Charles has arrived in the village.
It rains. Merricat runs back to the house. She needs reassurance. “We’ll always be together, won’t we?” But Constance says, “Don’t you ever want to leave?” “The world is full of terrible people,” Merricat replies.
There is a knock at the door. Someone is asking to be let in. Like a vampire, Merricat thinks, he has to be invited in or he cannot cross the threshold. Constance shivers. Merricat goes to get her a sweater and when she returns, Charles is sitting in Merricat’s chair.
Merricat runs out of the house, using all her magic – including her sacred magic words – to wish Charles away.
When Merricat returns the next morning, she is confident her magic has worked and Charles does not exist. Constance points out the sound of his footsteps, from their father’s bedroom overhead. Then he must be a ghost, says Merricat. Constance is trying to persuade Merricat that Charles has come to stay when Charles enters, pushing Uncle Julian in his wheelchair.
Charles is very charming, explaining that he is their penniless cousin who was forbidden to see them by his father, but now his father is dead, he is eager to reconnect. He offers to work on the house, help out. When Merricat tests him by offering him a pancake Constance has cooked, he eats it – he even talks to Jonas.
Charles offers to go to the village for them. When he’s gone, only Merricat is not won over. She smashes a glass.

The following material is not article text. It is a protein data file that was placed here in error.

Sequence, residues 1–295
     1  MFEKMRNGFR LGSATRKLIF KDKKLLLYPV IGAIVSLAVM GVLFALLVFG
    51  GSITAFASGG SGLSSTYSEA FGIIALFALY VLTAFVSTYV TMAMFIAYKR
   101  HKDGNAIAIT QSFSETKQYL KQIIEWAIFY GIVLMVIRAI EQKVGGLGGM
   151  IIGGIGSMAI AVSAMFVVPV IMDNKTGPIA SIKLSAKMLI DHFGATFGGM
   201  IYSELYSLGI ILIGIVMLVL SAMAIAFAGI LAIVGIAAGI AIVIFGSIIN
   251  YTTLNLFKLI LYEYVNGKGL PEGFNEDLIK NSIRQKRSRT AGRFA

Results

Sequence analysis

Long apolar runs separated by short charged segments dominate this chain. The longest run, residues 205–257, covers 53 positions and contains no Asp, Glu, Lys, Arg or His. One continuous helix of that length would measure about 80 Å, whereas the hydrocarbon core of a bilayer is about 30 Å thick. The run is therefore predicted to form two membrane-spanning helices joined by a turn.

Merricat tries to resume their routine but things are different now. They can’t neaten the house as they used to because Charles is in their father’s room. Merricat emphasises her bond with Constance: carrying their two brooms, Merricat thinks they look like a pair of witches.
Merricat keeps wishing Charles away but Constance wants her to stop. She asks Merricat to sit with him at dinner that night and Merricat agrees. Constance will wear their mother’s pearls, and Charles will sit in their father’s chair.
At dinner, Charles is disgusted by Uncle Julian’s table manners. Julian thinks Charles is John, his brother, and talks to him about investments. When Julian starts to reminisce about the night of the murders, Charles rebukes him.
Charles says he’s going into the village to get some tobacco for his pipe. He offers to do the shopping for them while he’s there. That’s Merricat’s job and she resents him taking it.
Constance tells Charles she will give him the money; they keep money in their father’s safe. Charles doesn’t think keeping money in the house is a good idea.
When Charles says he’s taken Merricat’s job, and Merricat will have to find another, Merricat tells him about the poisonous effects of the death cap mushroom.
Constance tells her she’s not being nice, so Merricat simply asks Charles if he’ll please go away.
Charles gets angry, saying he isn’t going anywhere, and asking how a valuable gold watch and chain ended up nailed to a tree. He appeals to Constance – can’t she see how crazy this all is?
Constance storms out. Merricat follows her, thinking she’s taken her side. Instead, Constance says that she hadn’t realised how out of control Merricat had gotten. Uncle Julian will have to go into a hospital where they can look after him properly. Charles will look through their father’s papers. Constance says she’s realised that she’s been hiding here all this time. She wants to be normal. She and Charles have plans to make. Everything has to change.